I am creating a framework for this coursework learning to help me capture the top lessons learned and implement the takeaways.

What are your expectations for 2022 and beyond?

As you know, the bookkeeping world revolves around tax deadlines, so like everyone else, we will be super busy from now on until April 15, with plans for some downtime on a porch somewhere in the woods with a Kindle and a bowl of popcorn.

I’m excited about the sturdy organizational framework we are creating that will support the busy season spikes so that my team and clients feel grounded no matter what.

What is the best piece of advice you can offer your clients today?

Do a gut check and be sure that the business you are building is what you want, not a vision someone slipped under the door when you weren’t looking.

For example, not all bookkeepers need to offer business advisory services. If you are a beginning or freelance bookkeeper and don’t want to scale your business, that is A-OK. There is a ton of work out there just fixing people’s books.

At Gentle Frog, our job is to, yes, keep excellent books, but in our mentoring services, our job is also to hold a bookkeeper’s hand and let them know it’s going to be OK. That is part of our secret sauce.

Figure out what your secret sauce is and do more of that.

And how do you do that? A place to start is focusing on your strengths and outsourcing your weaknesses. This has been the number one key to me growing my business faster.

Don’t overthink this. If you cannot afford a Virtual Assistant full-time, it doesn’t mean you cannot afford a VA. I started out with two hours a week with a VA. I have 30-minute calls with a marketing writer where we speed-date my messaging questions. It saves me hours stuck in writer’s block looking at the screen.

What was the best advice you ever received?

I was lucky that one of my favorite bosses was a fantastic mentor. He hired good people, empowered them to do their jobs well, and gave them a lot of freedom over their schedules.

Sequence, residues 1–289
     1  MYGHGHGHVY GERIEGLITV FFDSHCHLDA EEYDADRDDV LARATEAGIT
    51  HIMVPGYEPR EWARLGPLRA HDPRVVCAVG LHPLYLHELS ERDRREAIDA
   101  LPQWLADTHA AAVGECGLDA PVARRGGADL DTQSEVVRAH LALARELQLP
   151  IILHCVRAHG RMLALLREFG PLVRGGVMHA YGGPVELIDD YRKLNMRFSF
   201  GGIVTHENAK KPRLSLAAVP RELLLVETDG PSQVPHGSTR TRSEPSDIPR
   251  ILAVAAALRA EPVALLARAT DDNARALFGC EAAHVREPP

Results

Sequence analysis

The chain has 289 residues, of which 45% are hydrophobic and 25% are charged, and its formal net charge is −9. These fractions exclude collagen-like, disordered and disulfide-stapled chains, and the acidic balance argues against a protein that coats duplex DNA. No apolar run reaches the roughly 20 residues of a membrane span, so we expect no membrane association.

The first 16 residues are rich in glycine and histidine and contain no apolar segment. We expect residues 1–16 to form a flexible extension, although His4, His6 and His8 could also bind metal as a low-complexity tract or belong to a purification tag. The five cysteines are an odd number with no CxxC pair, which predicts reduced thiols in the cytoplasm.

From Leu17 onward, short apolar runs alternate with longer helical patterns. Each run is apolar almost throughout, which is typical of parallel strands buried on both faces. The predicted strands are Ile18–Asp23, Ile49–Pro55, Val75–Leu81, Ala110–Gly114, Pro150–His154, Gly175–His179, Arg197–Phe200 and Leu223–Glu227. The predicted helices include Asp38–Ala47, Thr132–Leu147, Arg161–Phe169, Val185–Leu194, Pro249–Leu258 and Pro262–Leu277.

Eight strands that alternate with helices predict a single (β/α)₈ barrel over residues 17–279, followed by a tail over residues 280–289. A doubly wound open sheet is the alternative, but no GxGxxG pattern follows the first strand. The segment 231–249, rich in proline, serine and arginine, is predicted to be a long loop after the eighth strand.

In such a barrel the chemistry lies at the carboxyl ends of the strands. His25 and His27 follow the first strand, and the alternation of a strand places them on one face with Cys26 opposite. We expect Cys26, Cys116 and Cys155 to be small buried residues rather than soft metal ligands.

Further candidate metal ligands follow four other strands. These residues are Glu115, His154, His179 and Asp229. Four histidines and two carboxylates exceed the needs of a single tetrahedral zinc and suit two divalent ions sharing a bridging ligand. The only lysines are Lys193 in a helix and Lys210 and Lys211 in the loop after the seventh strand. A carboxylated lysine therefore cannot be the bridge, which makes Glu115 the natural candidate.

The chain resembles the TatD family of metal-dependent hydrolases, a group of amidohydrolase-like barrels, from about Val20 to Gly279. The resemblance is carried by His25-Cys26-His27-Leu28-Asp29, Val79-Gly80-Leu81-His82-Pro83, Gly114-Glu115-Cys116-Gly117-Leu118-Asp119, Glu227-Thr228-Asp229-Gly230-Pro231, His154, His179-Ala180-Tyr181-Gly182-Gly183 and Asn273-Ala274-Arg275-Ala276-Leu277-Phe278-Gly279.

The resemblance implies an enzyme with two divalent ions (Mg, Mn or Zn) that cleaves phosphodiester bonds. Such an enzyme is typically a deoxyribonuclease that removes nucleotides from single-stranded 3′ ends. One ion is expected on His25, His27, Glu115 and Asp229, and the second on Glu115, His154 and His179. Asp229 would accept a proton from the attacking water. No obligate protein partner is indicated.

He used to say, “Life is short; you are in charge of your own day. Go splash in the mud puddles if you need to for a bit.”

Is there a story/anecdote you can share that really sums up the work you do for your clients?

I would say I’m successful with my clients because I understand that bookkeeping is scary. It’s scary because it’s about money, and money is emotional.

The purpose of bookkeeping is to provide insight into the numbers, right? Sometimes that transparency is hard. It is hard to keep up with and hard to accept if things aren’t going well. Objective numbers can start to feel very personal.

Most small businesses’ growth isn’t truly linear. They tend to bump along for a bit, have revenue spikes, or make large investments to get to a point where hopefully, things smooth out a bit.

We are here for clients as they go from DIY to hiring us and even back again to DIY. We flex.

I had a client who at first was DIY, then asked us to step in as she scaled up, then she went back to DIY with her books. We flexed with her.

One day, she showed up on a call and started crying. It was 100% understandable. My client had 20 things on her plate that day, had just put out three fires, and knew two more issues were simmering on the perimeter, and it was only 9 a.m.

At that point, she didn’t need bookkeeping advice. She needed a zoom tea and a chat. I helped her step back and relax. My job was to virtually hold her hand and listen.

I didn’t charge her for that call, either. That is how you create clients for life.

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Insightful Accountant